Kieron Gillen & Stephanie Hans' Die is a Glorious, Goth Jumanji

Kieron, what's it like building an entirely new fantasy universe? And what's it like seeing Stephanie bring the pages to life?

Gillen: It's an interesting one, in that I did this vast amount of research into the development of role-playing games, and then synthesized something as complicated as I've ever made... and then I gave it to Stephanie, who went and added a bunch more things of her own. I was expecting it to be visual flourishes and approaches, but it's actually core world-building, which I then integrated back into it. It's very much a collaboration.

As well as the long historical view, the the '90s was key in terms of thinking of the fantasy world. It's a world as conceived in 1991. What was the state of the art? Not just games, but in terms of culture -- like, Nevermind has just dropped, so we're literally at the birth of the “true” 90s. What sort of world would a bunch of precocious kids make up, then?

Seeing it visualized is something else. I knew the world had to be seductive and terrifying, and Stephanie has provided. It's a story about going to another world. That's what Stephanie gives. And really? "Let Stephanie Hans Visualize A Fantasy World" was my guiding principle.

Stephanie, what's the most rewarding part about working on your first ongoing series? And how much fun are you having with Kieron's script?

Hans: The most rewarding part is to watch this thing, that we have been talking about for years now, finally coming back to life, gaining flesh and bones. There is something mesmerizing in seeing those characters, who come as much from me as they come from Kieron, come to life after so much reflection. I also see myself growing as an artist, and I don't know if it's the same for everyone, but I always felt the need to get better, to learn as much as I could and, yeah, these days, I grow up a lot.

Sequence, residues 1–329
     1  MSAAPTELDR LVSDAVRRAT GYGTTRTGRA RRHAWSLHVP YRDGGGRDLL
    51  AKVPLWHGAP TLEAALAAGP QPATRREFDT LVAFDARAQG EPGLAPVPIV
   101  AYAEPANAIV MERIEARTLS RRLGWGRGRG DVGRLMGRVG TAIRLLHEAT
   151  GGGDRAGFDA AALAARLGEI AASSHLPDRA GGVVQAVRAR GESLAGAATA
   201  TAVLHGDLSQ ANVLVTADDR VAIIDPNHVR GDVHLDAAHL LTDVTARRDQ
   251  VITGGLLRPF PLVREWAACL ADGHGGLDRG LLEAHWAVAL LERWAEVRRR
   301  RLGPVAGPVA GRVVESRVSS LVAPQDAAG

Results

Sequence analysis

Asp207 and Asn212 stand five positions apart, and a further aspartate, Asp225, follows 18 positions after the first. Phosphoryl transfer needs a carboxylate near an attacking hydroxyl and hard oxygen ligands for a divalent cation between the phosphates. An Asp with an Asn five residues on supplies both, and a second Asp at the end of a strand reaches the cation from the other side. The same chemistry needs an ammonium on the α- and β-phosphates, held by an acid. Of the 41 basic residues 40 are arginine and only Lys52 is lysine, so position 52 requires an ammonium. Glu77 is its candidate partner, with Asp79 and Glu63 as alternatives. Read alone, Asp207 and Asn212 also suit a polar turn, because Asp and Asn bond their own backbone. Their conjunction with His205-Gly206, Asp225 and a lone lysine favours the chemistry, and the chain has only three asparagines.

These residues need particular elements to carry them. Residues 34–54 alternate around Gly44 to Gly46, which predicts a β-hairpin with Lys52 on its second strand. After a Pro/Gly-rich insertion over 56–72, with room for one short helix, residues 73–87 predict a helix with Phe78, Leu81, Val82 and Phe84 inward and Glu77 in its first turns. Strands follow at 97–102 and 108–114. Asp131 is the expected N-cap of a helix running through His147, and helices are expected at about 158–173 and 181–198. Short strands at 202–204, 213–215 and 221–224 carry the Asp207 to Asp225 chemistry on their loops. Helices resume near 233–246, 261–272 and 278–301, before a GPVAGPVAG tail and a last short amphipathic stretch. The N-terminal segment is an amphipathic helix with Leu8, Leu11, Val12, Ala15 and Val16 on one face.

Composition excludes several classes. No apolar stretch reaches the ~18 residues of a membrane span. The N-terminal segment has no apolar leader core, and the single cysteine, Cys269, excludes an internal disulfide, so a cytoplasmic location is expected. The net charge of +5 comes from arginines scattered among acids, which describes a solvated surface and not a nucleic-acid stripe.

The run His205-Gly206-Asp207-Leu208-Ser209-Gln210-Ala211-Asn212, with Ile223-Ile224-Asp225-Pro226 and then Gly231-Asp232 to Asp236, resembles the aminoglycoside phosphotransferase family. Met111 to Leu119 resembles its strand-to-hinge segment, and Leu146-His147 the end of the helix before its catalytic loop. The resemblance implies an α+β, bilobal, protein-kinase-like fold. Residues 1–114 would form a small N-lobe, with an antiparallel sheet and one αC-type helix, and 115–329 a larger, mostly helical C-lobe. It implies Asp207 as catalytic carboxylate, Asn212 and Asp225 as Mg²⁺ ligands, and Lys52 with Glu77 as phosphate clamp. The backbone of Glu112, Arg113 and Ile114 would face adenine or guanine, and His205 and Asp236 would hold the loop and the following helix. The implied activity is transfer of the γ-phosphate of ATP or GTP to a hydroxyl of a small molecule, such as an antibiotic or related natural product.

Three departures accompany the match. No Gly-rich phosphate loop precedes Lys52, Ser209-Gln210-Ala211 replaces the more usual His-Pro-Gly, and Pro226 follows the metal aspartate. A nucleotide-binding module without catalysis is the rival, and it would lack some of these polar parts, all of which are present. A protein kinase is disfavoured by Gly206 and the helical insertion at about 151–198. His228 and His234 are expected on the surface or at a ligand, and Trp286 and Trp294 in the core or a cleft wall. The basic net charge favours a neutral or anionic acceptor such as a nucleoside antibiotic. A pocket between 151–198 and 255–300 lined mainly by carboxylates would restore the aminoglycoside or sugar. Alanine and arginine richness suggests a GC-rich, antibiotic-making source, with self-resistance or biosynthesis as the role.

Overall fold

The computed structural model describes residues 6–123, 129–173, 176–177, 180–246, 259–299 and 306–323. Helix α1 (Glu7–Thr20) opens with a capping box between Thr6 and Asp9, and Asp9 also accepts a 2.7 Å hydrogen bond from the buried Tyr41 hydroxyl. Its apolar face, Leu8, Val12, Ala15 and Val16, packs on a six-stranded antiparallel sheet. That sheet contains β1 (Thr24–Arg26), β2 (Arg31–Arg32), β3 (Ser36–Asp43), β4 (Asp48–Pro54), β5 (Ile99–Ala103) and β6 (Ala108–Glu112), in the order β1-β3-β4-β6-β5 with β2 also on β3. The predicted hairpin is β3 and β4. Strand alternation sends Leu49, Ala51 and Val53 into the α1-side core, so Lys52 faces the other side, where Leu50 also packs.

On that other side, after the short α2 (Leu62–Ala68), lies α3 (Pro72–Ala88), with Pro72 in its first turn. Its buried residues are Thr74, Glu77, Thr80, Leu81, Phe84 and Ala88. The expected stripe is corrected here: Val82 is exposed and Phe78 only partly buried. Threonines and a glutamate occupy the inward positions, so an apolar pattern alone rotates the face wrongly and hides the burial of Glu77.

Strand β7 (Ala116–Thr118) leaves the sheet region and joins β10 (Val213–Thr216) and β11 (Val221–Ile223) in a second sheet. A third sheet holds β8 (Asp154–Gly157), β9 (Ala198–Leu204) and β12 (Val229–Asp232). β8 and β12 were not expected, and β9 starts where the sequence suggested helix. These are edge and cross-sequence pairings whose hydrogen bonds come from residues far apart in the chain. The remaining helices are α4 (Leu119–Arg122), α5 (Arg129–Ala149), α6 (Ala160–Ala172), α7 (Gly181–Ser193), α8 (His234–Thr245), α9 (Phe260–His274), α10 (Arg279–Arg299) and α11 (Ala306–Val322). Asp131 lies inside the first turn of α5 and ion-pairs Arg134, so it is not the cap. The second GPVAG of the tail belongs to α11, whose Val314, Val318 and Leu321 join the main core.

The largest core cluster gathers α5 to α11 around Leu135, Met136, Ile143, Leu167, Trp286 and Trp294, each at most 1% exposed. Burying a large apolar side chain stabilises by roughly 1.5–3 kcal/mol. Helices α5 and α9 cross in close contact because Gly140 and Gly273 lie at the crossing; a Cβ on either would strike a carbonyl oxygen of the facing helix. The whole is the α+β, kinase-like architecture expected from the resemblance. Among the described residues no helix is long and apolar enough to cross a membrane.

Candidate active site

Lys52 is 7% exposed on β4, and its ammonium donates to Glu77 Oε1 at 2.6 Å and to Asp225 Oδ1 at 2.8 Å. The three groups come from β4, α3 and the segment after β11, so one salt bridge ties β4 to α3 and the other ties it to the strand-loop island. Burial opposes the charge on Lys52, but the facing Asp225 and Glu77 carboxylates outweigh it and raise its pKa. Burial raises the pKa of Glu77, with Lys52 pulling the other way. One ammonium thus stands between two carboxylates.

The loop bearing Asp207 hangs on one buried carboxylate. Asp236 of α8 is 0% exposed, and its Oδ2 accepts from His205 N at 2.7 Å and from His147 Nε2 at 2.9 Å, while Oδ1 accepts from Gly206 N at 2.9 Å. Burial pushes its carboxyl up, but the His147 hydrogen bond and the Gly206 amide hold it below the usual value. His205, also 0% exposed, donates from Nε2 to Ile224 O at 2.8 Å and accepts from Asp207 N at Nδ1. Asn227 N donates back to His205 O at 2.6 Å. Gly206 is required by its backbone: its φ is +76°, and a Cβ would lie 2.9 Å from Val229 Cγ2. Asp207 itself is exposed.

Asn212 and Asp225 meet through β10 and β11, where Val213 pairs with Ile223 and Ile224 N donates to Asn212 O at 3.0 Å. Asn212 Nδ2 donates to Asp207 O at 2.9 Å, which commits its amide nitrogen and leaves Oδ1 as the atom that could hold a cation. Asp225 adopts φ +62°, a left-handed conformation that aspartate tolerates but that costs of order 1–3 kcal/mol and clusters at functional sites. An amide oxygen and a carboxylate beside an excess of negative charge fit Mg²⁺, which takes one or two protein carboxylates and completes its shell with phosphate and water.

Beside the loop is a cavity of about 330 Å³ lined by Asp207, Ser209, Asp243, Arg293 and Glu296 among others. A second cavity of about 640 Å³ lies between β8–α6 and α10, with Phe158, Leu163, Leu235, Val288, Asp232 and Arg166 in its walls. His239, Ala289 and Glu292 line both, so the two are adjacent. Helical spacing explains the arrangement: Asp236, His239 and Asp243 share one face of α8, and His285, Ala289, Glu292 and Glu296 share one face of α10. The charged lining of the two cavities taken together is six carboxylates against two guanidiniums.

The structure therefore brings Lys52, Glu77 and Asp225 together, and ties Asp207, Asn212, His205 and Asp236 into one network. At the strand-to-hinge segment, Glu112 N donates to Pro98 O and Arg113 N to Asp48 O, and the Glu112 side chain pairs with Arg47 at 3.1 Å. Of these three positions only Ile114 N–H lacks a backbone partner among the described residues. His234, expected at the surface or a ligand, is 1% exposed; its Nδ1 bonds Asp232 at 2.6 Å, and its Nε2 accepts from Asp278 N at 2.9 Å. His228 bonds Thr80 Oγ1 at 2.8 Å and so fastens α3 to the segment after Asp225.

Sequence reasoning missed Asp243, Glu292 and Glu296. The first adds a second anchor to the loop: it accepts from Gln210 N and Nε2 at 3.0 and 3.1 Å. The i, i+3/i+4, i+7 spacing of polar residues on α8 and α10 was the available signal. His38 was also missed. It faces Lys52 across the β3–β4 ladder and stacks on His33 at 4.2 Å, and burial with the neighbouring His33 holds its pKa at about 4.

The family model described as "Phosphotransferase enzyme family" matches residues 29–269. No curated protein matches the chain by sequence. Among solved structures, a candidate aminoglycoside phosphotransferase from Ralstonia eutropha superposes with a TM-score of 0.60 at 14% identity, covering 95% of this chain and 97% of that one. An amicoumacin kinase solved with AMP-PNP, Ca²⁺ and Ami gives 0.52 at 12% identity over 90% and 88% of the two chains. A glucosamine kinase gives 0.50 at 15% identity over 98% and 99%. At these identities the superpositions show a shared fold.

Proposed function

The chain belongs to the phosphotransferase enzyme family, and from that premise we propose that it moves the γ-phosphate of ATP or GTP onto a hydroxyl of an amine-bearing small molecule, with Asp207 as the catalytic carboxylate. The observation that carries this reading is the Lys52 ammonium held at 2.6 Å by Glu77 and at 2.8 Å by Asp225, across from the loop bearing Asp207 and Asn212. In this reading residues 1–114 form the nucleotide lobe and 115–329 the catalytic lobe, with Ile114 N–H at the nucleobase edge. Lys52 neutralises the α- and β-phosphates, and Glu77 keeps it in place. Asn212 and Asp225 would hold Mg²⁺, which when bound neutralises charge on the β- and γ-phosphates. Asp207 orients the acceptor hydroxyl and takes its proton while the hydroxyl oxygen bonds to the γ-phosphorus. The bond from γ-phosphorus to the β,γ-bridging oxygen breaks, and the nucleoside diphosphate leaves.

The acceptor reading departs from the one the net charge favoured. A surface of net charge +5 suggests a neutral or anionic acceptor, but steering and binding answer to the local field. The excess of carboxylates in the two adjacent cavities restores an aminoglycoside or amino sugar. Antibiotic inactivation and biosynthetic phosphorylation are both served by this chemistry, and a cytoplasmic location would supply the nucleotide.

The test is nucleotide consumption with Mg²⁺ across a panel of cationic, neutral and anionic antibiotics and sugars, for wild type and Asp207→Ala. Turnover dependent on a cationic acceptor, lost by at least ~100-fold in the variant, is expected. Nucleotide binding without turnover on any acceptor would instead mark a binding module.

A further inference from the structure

I love how Kieron involves me in the creative process. I am not really sure how that works usually because it is my first ongoing, but I think we usually both listen to each other a lot. But also, the fact that we worked together several times before helped us with the kind of trust we could throw at each other I think. I know he will write me a good story and I hope he knows I will do my best to put pictures when words are not necessary

RELATED: Stephanie Hans Explains Why She Loves Her Job

The debut issue looks great and it covers a lot of ground before ending with quite a cliffhanger. Please talk a bit about what the collaborative process was like crafting this first issue, and what it's like as you continue to construct this universe and its characters.

Gillen: I'm glad you liked it.

I've talked a little like that earlier, in terms of the world-building, but the character generation has been equally a strong collaborative element. I came to the book with these six character concepts and talked to Stephanie about them, and she came back with interesting angles which were integrated. Put it like this: It's unlikely that I'd have made one of the core cast French if Stephanie hadn't told me some fascinating things about the RPG culture we grew up in. That one of the characters was a sensitive metal head in his teenage years is also due to Stephanie -- that's a person I know from real life, but have never seen in a book.

In terms of execution of actual plotting, though? That's really my job, as much as painting issues is for Stephanie. Working out how to make the machinery of the issue turn, and introducing our core concepts. There's so much more to come, but I think the first issue really gives people enough to judge the comic.

NEXT PAGE: Die Will be Getting a Tie-in RPG That Recreates the Events of the Series' First Arc

Marvel Levels-Up Namor With a Weapon That Nearly Killed Him

More in CBR Exclusives